According to a recent ruling, it appears the the IRS does not have super abilities after all.
In an unexpected ruling on Friday, the Internal Revenue Service’s efforts to regulate the tax preparation profession, was struck down in a federal court.
The scheme to regulate tax preparers was a top priority for former IRS Commissioner Doug Shulman. He doubled down on the idea in 2009 and has worked since that time to put it in motion. Shulman felt that requiring tax preparers to register with the IRS, pass a competency test and take continuing education classes would protect taxpayers from potentially fraudulent preparers. Under his watch, the IRS did move towards a new system which required registration (along with a fee), a competency exam and annual requirements to take at least 15 continuing education credits. In exchange for compliance, beginning in 2011, the IRS began issuing PTINs (Preparer Tax Identification Numbers) which must be included on paid returns; a public database of those tax preparers with valid PTINs was expected to be posted on the IRS web site.
But not everyone thought that regulation was a good idea: the rules put in place under Shulman’s leadership angered some tax preparers. Under the new rules, attorneys, CPAs and enrolled agents (EAs) are exempt from the competency testing and continuing education requirements. That means that the real burden of complying with the new regulations tends to hit independent tax preparers and small businesses disproportionately – those who, under the new rules, must meet the criteria to be called a Registered Tax Return Preparer (RTRP). Without that designation, unless a preparer meets an exemption or exception, he or she may not work. Loving – and other tax preparers – thought those rules were unfair. That’s how the matter ended up in district court.
“Today’s ruling is a victory for hundreds of thousands of tax preparers across the country and the tens of millions of taxpayers who rely on them to prepare their taxes,” said lead attorney Dan Alban. “This was an unlawful power grab by one of the most powerful federal agencies and thankfully the court stopped the IRS dead in its tracks. The court ruled today that Congress never gave the IRS the authority to license tax preparers, and the IRS can’t give itself that power.”
All three prongs of the IRS tax preparer regulation regime were affected by the ruling, including the testing, continuing education and RTRP registration requirements. However, the Preparer Tax Identification Number, or PTIN, which is part of the registration requirements, is not affected by the lawsuit.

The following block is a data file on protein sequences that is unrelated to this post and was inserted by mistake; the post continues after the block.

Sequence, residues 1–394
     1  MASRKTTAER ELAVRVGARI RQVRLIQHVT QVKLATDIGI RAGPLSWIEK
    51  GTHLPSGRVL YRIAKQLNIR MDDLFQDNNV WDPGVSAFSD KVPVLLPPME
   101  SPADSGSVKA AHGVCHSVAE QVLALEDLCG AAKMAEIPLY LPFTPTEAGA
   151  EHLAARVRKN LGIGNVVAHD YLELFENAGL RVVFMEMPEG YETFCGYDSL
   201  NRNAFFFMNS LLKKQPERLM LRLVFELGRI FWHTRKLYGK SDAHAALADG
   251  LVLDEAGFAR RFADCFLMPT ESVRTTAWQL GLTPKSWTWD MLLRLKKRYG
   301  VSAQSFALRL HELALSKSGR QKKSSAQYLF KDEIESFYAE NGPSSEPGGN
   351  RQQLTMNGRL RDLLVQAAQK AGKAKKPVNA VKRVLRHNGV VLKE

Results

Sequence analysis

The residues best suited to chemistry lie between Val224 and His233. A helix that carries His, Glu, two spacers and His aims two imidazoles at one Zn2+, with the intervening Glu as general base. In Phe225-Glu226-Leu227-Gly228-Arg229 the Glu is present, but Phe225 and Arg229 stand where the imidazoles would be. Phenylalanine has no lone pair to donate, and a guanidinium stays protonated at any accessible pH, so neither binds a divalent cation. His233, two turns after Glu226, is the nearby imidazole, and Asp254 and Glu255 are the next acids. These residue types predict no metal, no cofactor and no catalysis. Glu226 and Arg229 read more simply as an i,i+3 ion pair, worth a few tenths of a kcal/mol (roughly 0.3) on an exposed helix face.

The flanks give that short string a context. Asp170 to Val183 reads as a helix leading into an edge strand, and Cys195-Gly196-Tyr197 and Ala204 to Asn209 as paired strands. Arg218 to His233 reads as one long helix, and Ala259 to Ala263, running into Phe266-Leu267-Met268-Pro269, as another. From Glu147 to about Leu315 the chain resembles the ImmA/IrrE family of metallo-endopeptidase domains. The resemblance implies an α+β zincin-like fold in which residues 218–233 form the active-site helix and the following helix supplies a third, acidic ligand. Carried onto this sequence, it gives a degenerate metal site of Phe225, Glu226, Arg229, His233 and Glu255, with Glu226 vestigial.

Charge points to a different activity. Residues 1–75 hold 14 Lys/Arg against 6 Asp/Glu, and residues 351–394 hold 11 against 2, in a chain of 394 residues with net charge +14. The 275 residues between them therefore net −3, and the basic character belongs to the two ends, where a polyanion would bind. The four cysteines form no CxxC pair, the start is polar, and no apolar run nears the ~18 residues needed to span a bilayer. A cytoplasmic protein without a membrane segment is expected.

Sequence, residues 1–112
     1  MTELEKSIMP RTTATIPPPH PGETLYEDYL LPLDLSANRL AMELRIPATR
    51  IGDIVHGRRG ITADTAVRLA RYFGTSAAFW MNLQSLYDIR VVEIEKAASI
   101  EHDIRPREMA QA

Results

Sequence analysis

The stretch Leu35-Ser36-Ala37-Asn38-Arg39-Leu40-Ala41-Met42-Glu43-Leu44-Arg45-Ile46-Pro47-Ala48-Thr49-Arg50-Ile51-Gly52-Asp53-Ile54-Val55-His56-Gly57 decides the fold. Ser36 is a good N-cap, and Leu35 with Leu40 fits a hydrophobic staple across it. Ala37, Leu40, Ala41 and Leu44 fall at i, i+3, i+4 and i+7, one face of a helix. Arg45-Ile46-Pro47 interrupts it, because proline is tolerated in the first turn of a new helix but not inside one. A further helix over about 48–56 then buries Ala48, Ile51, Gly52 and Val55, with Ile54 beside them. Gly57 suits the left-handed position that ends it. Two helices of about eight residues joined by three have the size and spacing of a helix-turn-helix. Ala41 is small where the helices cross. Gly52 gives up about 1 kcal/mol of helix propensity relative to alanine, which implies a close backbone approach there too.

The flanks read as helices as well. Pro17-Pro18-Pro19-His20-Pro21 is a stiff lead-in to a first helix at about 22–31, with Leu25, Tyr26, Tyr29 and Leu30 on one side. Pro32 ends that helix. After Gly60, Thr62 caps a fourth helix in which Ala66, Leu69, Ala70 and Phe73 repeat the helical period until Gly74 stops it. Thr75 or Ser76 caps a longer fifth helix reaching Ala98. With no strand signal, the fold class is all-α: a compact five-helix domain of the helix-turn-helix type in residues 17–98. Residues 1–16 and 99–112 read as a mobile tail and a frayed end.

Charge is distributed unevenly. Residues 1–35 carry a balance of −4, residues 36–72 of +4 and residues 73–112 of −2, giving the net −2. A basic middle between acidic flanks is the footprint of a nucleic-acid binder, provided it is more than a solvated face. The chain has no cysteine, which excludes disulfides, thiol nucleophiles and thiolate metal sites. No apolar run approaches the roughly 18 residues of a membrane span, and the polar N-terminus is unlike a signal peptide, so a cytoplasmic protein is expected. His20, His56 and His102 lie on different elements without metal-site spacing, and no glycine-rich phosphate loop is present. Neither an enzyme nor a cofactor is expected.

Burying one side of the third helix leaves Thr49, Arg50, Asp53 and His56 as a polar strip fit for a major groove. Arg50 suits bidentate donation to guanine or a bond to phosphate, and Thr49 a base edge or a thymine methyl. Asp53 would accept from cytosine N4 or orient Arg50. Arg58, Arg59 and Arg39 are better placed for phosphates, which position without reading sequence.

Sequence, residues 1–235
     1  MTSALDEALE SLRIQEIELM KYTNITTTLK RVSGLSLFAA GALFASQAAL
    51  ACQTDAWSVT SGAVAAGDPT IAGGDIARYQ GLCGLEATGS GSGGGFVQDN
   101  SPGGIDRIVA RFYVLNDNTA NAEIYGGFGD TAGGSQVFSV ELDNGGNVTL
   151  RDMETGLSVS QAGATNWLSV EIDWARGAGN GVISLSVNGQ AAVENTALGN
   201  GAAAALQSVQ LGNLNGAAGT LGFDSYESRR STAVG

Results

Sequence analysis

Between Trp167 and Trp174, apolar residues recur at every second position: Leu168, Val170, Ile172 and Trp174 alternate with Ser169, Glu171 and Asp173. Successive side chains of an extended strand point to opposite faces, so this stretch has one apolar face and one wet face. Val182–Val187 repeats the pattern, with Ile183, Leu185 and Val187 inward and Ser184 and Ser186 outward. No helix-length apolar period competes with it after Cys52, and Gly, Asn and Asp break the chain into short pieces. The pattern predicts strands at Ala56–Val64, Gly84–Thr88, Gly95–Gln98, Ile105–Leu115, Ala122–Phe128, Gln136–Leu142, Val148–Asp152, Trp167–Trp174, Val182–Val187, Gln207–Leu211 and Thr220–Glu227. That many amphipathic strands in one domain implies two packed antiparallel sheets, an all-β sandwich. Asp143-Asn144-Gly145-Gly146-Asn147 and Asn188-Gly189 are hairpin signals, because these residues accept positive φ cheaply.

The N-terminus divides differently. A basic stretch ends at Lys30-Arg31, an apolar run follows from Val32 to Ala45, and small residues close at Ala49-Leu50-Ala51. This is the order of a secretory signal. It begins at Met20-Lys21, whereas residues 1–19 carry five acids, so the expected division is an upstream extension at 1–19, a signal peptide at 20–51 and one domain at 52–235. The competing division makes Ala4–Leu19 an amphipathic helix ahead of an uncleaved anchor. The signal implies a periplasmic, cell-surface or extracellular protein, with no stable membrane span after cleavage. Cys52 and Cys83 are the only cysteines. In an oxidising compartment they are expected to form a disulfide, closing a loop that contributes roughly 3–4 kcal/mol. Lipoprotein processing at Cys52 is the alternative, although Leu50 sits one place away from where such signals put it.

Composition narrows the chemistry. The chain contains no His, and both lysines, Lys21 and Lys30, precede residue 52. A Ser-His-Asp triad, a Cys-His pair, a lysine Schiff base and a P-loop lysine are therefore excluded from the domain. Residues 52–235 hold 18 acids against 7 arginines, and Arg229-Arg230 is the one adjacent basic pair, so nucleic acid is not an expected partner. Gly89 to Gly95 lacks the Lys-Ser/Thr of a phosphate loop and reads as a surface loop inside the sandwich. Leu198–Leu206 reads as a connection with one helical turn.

They found that the IRS misinterpreted the statute and was basically trying to use it to expand its own authority in ways that the statute didn’t authorize,” said Alban. “On the first page of the opinion, they said that ‘the statute’s text and context unambiguously foreclose the IRS’s interpretation.’”
Three independent tax preparers—Sabina Loving of Chicago, John Gambino of Hoboken, N.J., and Elmer Kilian of Eagle, Wisc.—joined forces with the Institute for Justice, a libertarian public interest law firm, in filing suit against the IRS in the U.S. District Court for the District of Columbia.
U.S. District Court Judge James E. Boasberg ruled against the IRS and in favor of the tax preparers in enjoining the agency against enforcing its Registered Tax Return Preparer requirements.
The opinion is available online at http://www.ij.org/images/pdf_folder/economic_liberty/irs_tax_preparers/irs-opinion-1-18-13.pdf. The court enjoined the IRS from enforcing its new licensing scheme for tax preparers. The ruling does not affect CPAs, Enrolled Agents and tax attorneys, who were exempted from the RTRP regime as they are already regulated under Circular 230 requirements.
I am guessing this will not be the end of the issue. The IRS put a lot of planning, money and hope into the new rules. So my hedge is on an appeal being filed.
Generally, a final ruling by a district court can be appealed to the United States court of appeals in the federal judicial circuit in which the district court is located. In this case, the matter would be appealed to the United States Court of Appeals for the District of Columbia Circuit; the DC Circuit is notorious for settling questions on matters involving government agencies.
In the meantime, tax preparers should be able to prepare tax returns in this 2013 tax season without getting permission from the IRS. Tens of thousands of tax preparers who would have otherwise been put out of business, can now continue to prepare returns.